# Find the indefinite integral of y=1/(x^2+4x+4)?

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### 3 Answers

We have to find the integral of y=1/(x^2+4x+4).

Now we see that y = 1 / (x^2+4x+4)

=> y = 1 / (x+2)^2

Let us use the notation p = x+2

We see that dp = dx

=> Int [y/dy ]= Int [dx/ (x+2)^2]

=> Int [ dp / p^2]

Now the integral of x^n = x^(n+1)/ (n+1)

=> Int [ dp / p^2]

=> p^-1/-1

=> -1/p

But p = x+2

**Therefore the required integral is -1/(x+2).**

We'll write the denominator as the result of expanding the square: x^2 + 4x + 4 = (x+2)^2

We'll re-write the integral:

Int f(x)dx = Int dx/(x+2)^2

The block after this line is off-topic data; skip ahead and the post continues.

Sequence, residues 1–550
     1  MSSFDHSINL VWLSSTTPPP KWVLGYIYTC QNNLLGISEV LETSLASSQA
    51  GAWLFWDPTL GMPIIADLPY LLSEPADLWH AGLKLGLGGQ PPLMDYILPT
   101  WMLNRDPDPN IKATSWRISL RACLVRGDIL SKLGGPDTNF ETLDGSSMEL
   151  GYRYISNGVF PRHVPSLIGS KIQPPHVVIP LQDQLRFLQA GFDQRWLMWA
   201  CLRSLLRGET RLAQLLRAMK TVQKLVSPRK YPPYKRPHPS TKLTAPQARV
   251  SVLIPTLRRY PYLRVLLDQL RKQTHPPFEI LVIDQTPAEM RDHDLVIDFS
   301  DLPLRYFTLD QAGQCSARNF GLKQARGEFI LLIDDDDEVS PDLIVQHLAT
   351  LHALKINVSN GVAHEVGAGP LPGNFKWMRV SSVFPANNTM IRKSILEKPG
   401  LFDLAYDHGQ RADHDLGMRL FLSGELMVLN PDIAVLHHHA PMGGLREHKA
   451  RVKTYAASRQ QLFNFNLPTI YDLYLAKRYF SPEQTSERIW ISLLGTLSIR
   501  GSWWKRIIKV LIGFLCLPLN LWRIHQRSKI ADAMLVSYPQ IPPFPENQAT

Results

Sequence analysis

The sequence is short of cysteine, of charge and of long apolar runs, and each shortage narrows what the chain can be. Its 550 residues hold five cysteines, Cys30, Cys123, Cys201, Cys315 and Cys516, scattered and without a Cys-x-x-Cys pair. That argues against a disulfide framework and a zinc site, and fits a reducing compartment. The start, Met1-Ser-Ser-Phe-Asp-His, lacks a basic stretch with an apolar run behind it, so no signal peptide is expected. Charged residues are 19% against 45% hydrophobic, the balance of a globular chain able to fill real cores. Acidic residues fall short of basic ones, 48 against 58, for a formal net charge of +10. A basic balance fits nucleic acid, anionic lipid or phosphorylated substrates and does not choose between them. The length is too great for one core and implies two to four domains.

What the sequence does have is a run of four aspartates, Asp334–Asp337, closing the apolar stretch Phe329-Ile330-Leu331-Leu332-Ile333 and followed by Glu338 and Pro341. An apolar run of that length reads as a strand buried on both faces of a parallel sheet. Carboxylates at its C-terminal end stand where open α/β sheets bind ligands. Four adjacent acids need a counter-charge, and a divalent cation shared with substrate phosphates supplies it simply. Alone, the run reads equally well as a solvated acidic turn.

We'll use the techinque of changing the variable.

For this reason we'll substitute x+2 by t.

x+2 = t

We'll differentiate both sides:

(x+2)'dx = dt

So, dx = dt

We'll re-write the integral in the variable t:

Int dx/(x+2)^2 = Int dt/t^2

Int dt/t^2 = Int [t^(-2)]*dt

Int [t^(-2)]*dt = t^(-2+1)/(-2+1) + C = t^(-1)/-1 + C = -1/t + C

But t = x+2

**Int dx/(x+2)^2 = -1/(x+2) + C**** **

To find the integral of y = 1/x^2+4x+4).

We know that 1/(x^2+4x+4) = 1/(x+2)^2.

Therfore Integral y dx = Integral {dx/(x^2+4x+4)}

Integral y dx = Integral dx/(x+2)^2.

Integral y dx = Integral (x+2)^(-2) dx...(1)

Let us have a transformation (x+2) = t

Then differentiating both sides, we get:

dx = dt..

Therfore Integral (x+2)^(-2) dx = integral t^(-2) dt.

Integral (x+2)^(-2) dx = (1/(-2+1))t ^(-2+1) +Const.

Intagral (x+2)^(-2) dx = - t^(-1).

Integral (x+2)^(-2) = - 1/(x+2) +C .

Therefore from (1) ,

Integral ydx = Integral dx/(x+2)^2 = -1/(x+2) + C.